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1 Nonlinear Ultrasonic Materials State Awareness Monitoring Laurence J. Jacobs and Jianmin Qu G. W. Woodruff School of Mechanical Engineering College of Engineering Georgia Institute of Technology Atlanta, GA 30332 USA February 20, 2008 Prognosis Workshop

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2 Linear Ultrasonics: Detection of Flaws/Discontinuities Characterize stiffness/density related properties Linear UT Scattering, dispersion (guided waves), attenuation Detect geometric and material discontinuities (cracks, voids, inclusions, etc.) Used primarily at the later stage of component fatigue life Nonlinear Ultrasonics: Characterization of Distributed Damage Characterize strength related properties Nonlinear UT (e.g., higher order harmonics) Detect accumulated damage (dislocations, PSB, microplasticity) Can be used in the early stage of component fatigue life Linear vs. Nonlinear Ultrasonics

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3 Measurement Principle Specimen u(0,t)=A o sin( t) h u(x,t)=A 1 sin( t-kx) +A 2 sin[2( t-kx)] Determination of acoustic nonlinearity parameter A2A2 A12A12 increasing input voltage Yost and Cantrell (IEEE, 1997)

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4 Experimental Setup – Longitudinal Waves Barnard, et al. (JNDE, 1997)

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5 Experimental Procedure – Pulse Inversion Ohara, et al. (QNDE, 2004) and Kim, Qu, and Jacobs (JASA, 2006)

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6 Experimental Results – Monotonic Loading Calibrate/verify procedure on borosilicate and fused silica Validate repeatability of interrupted tests on monotonic loaded IN100 specimen Kim, Qu and Jacobs (JASA, 2006)

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7 Experimental Results – Low-Cycle Fatigue 105% Yield Normalize to undamaged to account for variability in initial microstructure IN100 Kim, Qu and Jacobs (JASA, 2006) also note similar results by Nagy (Ultrasonics, 1998), Frouin, et al. (J. Mat. Res, 1999), and Cantrell and Yost (Int. J. Fatigue, 2001)

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8 Rayleigh Waves – Experimental Results Monotonic loadingLow-cycle fatigue IN100 with comparison to longitudinal wave results Hermann, Kim, Qu and Jacobs (JAP, 2006) and note similar results by Barnard, et al (QNDE, 2003) and Blackshire, et al. (QNDE, 2003)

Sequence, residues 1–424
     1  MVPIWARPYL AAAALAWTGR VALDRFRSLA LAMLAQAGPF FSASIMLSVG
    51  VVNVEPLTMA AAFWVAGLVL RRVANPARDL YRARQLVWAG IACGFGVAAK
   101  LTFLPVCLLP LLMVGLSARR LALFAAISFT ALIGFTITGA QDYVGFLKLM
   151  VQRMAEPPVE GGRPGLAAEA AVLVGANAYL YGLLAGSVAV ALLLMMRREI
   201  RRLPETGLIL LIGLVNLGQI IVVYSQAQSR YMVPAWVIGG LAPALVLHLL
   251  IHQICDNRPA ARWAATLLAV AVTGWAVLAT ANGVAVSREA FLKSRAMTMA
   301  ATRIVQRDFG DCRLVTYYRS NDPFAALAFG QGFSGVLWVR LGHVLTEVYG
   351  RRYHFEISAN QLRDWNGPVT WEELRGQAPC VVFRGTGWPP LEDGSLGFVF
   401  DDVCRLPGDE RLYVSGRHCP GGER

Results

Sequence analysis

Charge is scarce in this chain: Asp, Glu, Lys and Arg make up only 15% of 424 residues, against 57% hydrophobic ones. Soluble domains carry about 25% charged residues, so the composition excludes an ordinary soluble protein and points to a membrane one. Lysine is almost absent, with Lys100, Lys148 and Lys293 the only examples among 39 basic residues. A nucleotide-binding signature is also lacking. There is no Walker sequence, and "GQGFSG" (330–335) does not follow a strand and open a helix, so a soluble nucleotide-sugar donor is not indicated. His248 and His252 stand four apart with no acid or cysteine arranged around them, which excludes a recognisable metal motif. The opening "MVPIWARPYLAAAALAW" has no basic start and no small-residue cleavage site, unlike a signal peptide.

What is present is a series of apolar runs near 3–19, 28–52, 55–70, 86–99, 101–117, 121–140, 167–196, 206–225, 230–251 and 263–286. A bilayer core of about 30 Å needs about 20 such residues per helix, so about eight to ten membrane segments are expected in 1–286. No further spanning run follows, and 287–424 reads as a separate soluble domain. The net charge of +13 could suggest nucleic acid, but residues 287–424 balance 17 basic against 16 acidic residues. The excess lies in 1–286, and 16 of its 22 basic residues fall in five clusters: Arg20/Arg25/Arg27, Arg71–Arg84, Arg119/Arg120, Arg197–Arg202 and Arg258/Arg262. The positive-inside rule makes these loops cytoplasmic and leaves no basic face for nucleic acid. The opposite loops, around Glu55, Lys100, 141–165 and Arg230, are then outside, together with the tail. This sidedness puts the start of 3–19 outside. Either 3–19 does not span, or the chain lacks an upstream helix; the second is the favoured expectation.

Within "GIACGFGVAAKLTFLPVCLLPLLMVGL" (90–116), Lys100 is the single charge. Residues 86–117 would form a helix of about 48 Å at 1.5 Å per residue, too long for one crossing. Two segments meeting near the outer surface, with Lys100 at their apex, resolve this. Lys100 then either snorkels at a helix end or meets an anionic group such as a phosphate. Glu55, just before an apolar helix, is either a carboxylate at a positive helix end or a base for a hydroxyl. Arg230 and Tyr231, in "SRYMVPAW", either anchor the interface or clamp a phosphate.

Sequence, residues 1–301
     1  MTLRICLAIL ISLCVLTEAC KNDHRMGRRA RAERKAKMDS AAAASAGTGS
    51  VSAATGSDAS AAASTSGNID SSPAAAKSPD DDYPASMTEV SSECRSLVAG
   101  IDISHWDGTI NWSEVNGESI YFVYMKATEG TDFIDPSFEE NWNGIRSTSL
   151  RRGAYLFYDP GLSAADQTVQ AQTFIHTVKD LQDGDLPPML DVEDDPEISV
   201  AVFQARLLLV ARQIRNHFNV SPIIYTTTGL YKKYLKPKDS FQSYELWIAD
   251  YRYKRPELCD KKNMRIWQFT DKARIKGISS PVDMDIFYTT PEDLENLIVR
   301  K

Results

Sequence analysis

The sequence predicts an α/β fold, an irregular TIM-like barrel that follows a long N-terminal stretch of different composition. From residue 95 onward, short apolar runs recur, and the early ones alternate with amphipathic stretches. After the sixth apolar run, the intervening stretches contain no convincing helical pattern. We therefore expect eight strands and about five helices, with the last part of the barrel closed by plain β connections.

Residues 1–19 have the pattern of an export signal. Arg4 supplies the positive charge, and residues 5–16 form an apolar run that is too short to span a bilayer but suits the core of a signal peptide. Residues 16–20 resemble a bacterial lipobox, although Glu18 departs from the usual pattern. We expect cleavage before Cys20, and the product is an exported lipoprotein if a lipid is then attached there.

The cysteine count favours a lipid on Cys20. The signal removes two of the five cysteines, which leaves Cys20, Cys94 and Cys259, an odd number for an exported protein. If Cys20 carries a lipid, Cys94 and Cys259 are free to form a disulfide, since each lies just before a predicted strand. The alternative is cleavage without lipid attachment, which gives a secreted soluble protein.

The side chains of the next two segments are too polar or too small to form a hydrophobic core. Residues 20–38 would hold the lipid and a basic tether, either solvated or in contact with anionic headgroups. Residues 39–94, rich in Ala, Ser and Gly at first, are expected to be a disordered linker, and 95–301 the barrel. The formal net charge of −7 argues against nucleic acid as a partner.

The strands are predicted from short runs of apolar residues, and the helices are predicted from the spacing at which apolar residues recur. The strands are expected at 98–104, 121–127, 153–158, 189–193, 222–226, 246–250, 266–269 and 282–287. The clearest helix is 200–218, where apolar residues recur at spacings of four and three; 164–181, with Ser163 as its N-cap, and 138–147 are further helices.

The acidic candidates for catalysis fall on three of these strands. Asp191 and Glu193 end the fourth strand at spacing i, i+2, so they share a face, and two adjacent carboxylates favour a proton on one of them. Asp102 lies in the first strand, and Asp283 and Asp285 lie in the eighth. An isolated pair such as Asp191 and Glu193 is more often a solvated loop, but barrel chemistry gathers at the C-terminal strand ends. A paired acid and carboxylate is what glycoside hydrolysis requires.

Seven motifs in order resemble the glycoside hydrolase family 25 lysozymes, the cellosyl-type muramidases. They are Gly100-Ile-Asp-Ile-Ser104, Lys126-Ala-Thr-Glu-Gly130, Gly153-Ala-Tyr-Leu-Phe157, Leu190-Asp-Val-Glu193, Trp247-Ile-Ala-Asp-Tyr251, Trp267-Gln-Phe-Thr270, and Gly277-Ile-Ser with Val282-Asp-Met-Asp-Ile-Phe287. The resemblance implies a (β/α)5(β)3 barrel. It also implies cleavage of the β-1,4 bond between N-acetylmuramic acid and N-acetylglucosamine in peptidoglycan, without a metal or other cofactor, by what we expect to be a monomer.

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9 Nonlinear Lamb Waves – Dispersion Relationships Deng, et al. (Appl. Phys. Lett., 2005)

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10 Lamb Waves – Cumulative Nonlinearity Measured slope 1100 is 0.0001167; Measured slope of 6061 is 0.00004594; Ratio is 2.541 Absolute of 1100 is 12.0; Absolute of 6061 is 5.67; Ratio is 2.12 Bermes, Kim, Qu and Jacobs (Appl. Phys. Lett., 2007)

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11 Lamb Waves – Experimental Results Aluminum 1100 Monotonic loading Low-cycle fatigue Pruell, Kim, Qu and Jacobs (Appl. Phys. Lett., 2007)

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Sources of and How It Relates to Fatigue Damage in Metallic Materials Residual Plasticity Discrete Dislocations Nonlinear Parameter Physics/microstructure based. Relate to plastic strain (phenomenological) Crystal plasticity Third order elastic (TOE) constants

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Lattice Anharmonicity Deformation of crystal lattice, even within the elastic range, is not ideally linear. This slight deviation from linearity yields where C 111 is the third order elastic constant (TOE), and C 11 is the (second order) elastic constant. For single crystal Ni Granato, A. V. and Lucke, K. (1956), J. Appl. Phys. 27: 583-593.